2. 2. To the Point (continued) February 26, 2010 2 More important, the fact that an institution can fail imposes a large cost on bank owners and managers, who then lose their jobs. In 2007, the investment bank Bear Stearns had traded for as much as 172 dollars per share, but when it was bought by J.P. Morgan Chase, the price fell to 2 dollars per share. If financial institutions are protected by governments, shareholders are not protected, but creditors are. So the focus should be on creditors and banks that take on excessive risk, thereby reducing discipline because they believe in government protection. In a vicious circle, high-risk behavior increases the chance of bank failure and bailouts by governments. Those who find the argument of moral hazard farfetched should adopt a long-term approach. Deregulation of the financial sector in the 1980s, especially in the US, with the existing inadequate supervision, created an environment where risks were taken excessively, and where resources were allocated incorrectly, causing costs for society. The financial sector grew as a result, and its profits as a share of the total profits increased from some 20% at the beginning of the 1980s to almost 50% in 2007, before the onset of the most recent financial crisis. The US financial crisis Gary Stern and Ron Feldman (both from Federal Reserve Bank of Minneapolis) wrote a book, “Too big to fail – the hazard of bailouts,” in 2004. They argued that the too-big-to-fail (TBTF) problem was getting worse, and needed immediate attention. As the financial crisis started in the US in 2007, there was a massive across-the-board expansion of financial institutions’ safety nets. The TBTF problem has become worse since then as the largest and the most interconnected firms have become even larger and more interconnected due to the support they have received. Unless the TBTF problem is reduced, there is a risk of a new financial crisis sooner rather than later. Protection of uninsured creditors of banks is the factor that underlies the concept of TBTF. Between 1979 and 1989, some 1,100 commercial banks failed, but 99.7% of all deposit liabilities were fully protected by the discretionary actions of US policymakers. Size is also important, as special protection is provided for creditors to big or interconnected banks. Over the years, creditors have believed the banks they are funding will be bailed out, and this belief has influenced the risks they have taken. When Bear Stearns was protected by J.P. Morgan Chase’s stepping in with the support of US policymakers, the financial markets were relieved, because the environment remained unchanged. When Lehman Brothers filed for chapter 11, however, the shock was immense, as financial markets had started to believe in eternal bailouts. Some time afterwards, however, policymakers had to reassure the financial markets that the pre-Lehman Brothers environment would be restored, so that confidence could return. Small and unimportant regional banks tasked with lending to SMEs and households have thus been allowed to fail, while the big ones have become even bigger.
  3. 3. To the Point (continued) February 26, 2010 3 Chart 1: Public deficits as a share of GDP, for selected OECD countries (%) -16.0 -14.0 -12.0 -10.0 -8.0 -6.0 -4.0 -2.0 0.0 Ireland USA UK Greece Spain Japan France Portugal Italy Germany Denmark Finland Sweden Source: European Commission Chart 2: 10 year Government bond interest rate spreads to Germany for selected Euro countries Source: Reuters EcoWin jan 07 maj sep jan 08 maj sep jan 09 maj sep jan 10 Percent -1.0 -0.5 0.0 0.5 1.0 1.5 2.0 2.5 3.0 3.5 4.0 Greece Italy Belgium France Spain Portugal Sweden Source: Reuters/Ecowin Also, the borrower has been bailed out through special measures to reduce mortgage interest rates and to provide direct support to households in need. Monetary policy has also played a role over many years, as the so-called Greenspan put created an environment in which interest rates were lowered as asset markets fell but were not similarly raised as asset markets rose. This asymmetric monetary policy has come to an end, though, as the policy interest rate has already hit bottom. Mortgage loan interest rates could go lower, but not by much. As the crisis has abated, the concern for moral hazard is coming back into focus in the US. Reenactment of the old Glass-Steagall act separating investment and commercial banking has been proposed. There are those who find the elimination of the Glass-Steagall act in 1999 a trigger for the buildup of TBTF institutions. Balance sheets can always be manipulated; thus the issue of bailouts may be just as important as the split between investment and commercial banking. Professor of Economics Carmen Reinhart points to four options for solving the TBTF problem: (1) no one gets bailed out (theoretically pure, but less credible as bailouts have been common historically and contagion can be costly) (2) everyone gets bailed out and regulations are not established, i.e., the basis for a new crisis; (3) the TBTF doctrine is applied in radical steps and institutions are dismembered; and (4) credit growth and leveraging are closely monitored, and institutions are regulated according to their indebtedness. She finds that, although risk is difficult to measure, debt levels can be monitored. The only way to solve the problem of moral hazard is to create an environment in which bailouts are not expected automatically. To get there may cause more turbulence on financial markets, and thus we have not yet solved the financial crisis. The European sovereign debt crisis There are some similarities between the US financial markets crisis and the European (Greek) sovereign debt crisis. After 2001, when Greece adopted the euro and became a member of the common currency, financial markets saw the risk of giving credits to Greece fall gradually: Long-term (10-year) government bonds were just 1 percentage point above the equivalent German rate in 2007. During 2008 and 2009, this interest rate spread widened when the extent of the Greek fiscal situation became more clear, and when it was announced that the ECB stimulus measures would be withdrawn, thus reducing the possibilities of using less creditworthy Greek bonds as collateral for borrowing cheaply at the central bank. Financial markets have thus repriced the risk. Greece is still part of the currency union, but lending to Greece is no longer seen as a low-risk activity. The moral hazard problem may be hard to see here, as it is unlikely that governments would risk the future of a country that is counting on being helped out by other governments. The pain of having a financial and fiscal crisis in a country is severe. On the other hand, countries not having experienced these crises (unlike Japan, the Nordics, and East Asian countries) may underestimate this pain, and it is not until they have experienced it for themselves that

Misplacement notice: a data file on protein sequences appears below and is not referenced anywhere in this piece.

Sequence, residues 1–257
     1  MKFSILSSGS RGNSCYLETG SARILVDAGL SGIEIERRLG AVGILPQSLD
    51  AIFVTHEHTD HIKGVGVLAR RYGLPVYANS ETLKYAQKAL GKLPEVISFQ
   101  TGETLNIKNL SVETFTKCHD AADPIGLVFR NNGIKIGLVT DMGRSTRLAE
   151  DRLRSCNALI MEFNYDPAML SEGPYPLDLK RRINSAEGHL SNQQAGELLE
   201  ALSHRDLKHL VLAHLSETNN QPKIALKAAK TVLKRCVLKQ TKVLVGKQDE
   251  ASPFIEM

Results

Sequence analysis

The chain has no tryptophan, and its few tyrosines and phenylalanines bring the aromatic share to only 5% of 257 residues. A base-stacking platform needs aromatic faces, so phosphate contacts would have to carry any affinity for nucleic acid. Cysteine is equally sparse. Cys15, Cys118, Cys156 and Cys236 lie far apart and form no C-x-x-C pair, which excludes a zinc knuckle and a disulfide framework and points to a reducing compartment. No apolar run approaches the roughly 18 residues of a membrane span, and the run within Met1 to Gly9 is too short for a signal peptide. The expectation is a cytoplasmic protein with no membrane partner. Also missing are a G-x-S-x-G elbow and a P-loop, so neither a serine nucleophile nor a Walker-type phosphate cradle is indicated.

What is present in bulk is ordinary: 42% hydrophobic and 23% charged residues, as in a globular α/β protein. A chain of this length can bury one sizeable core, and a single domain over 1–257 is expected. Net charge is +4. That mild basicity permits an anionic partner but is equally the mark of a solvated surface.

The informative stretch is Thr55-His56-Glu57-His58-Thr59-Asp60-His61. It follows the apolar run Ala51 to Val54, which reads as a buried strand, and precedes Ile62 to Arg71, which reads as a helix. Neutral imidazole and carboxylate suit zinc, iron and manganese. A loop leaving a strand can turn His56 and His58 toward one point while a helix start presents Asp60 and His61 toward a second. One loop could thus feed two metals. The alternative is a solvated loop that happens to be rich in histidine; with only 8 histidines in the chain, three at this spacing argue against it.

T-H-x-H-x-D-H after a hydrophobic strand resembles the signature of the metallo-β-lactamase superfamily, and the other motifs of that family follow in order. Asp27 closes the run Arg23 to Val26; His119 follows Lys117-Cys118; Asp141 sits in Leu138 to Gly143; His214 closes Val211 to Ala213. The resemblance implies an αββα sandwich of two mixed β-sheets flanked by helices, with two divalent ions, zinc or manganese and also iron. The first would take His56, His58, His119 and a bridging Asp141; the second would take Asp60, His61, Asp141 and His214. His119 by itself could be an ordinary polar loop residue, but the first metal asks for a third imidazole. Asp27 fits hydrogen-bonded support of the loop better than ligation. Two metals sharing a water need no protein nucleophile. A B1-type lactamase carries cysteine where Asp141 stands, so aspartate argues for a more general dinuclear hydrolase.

4. 4. To the Point (continued) February 26, 2010 4 Chart 3: Real effective exchange rates for selected countries Source: Reuters EcoWin 97 98 99 00 01 02 03 04 05 06 07 08 09 Index100=1997 90 95 100 105 110 115 120 Spain Portugal Greece Italy Germany Source: BIS Economic Research Department SE-105 34 Stockholm, Sweden Telephone +46-8-5859 1000 ek.sekr@swedbank.com www.swedbank.com Legally responsible publishers Cecilia Hermansson +46-8-5859 1588 cautiousness rise and fiscal discipline increases. Other aspects that possibly better explain the lack of discipline in the case of Greece are the short-sighted political process of attracting votes, corruption and tax evasion, and the general distrust of the political establishment. The Greek government found less transparent ways of entering the EMU, had a free lunch for a few years as creditors did not calculate risks properly, and has not used the resources thus obtained responsibly. The budget deficit has risen to a level that would have been high even before the crisis, public debt has increased to more than 100% of GDP, and competitiveness has decreased since entrance into the EMU. The real effective exchange rate has appreciated by some 20% since joining the euro, and the current account deficit was already as high as 15% of GDP in 2007, before the sovereign crisis escalated. Just as in the case of the US financial crisis, it is better in the case of Greece to focus on creditors rather than governments or shareholders. The European banks lending to Greece have counted on a bailout of the Greek government, despite the explicit prohibition of such an action in paragraphs 123 and 125 of the Lisbon Agreement. To count on paragraph 122 is a bit optimistic as the Greek fiscal mess is not exogenous and therefore cannot be regarded as an act of God, like a tsunami or an earthquake. Germany has strong objections to giving any support to Greece, pointing to the Stability and Growth Pact, to which not even the big economies have adhered. The euro zone still has to come up with ways to reduce the risk of contagion to Spain and Portugal, and perhaps also to Italy, Belgium, and Ireland. Bailing out is not the first option, and to put conditions on possible future support is the best message that can be given to financial markets at this stage. I believe that, just as in the case of the US financial crisis, when the boat is still leaking, ways have to be found to bring the boat to the shore. There are too many risks connected with not doing anything at all. The best solution would be for Greece to make it on its own. But if not, there have to be ways to mitigate the crisis either with help from the EU/euro zone alone, or in combination with the IMF. When the crisis has been solved, at least as well as possible, the focus must again be on moral hazard. For Europe, it is important to find the right institutional framework that works both during relatively tranquil times and during times of turbulence. During the tranquil times, risks may be taken excessively, but with the right incentive structure, there would be less risk of creating bubbles or misallocating funds, whether on private markets or in the public sector. Moral hazard may not be the most important factor explaining the Greek crisis, but for the future of the euro this problem deserves attention. Cecilia Hermansson To the Point is published as a service to our customers. We believe that we have used reliable sources and methods in the preparation of the analyses reported in this publication. However, we cannot guarantee the accuracy or completeness of the report and cannot be held responsible for any error or omission in the underlying material or its use. Readers are encouraged to base any (investment) decisions on other material as well. Neither Swedbank nor its employees may be held responsible for losses or damages, direct or indirect, owing to any errors or omissions in To the Point.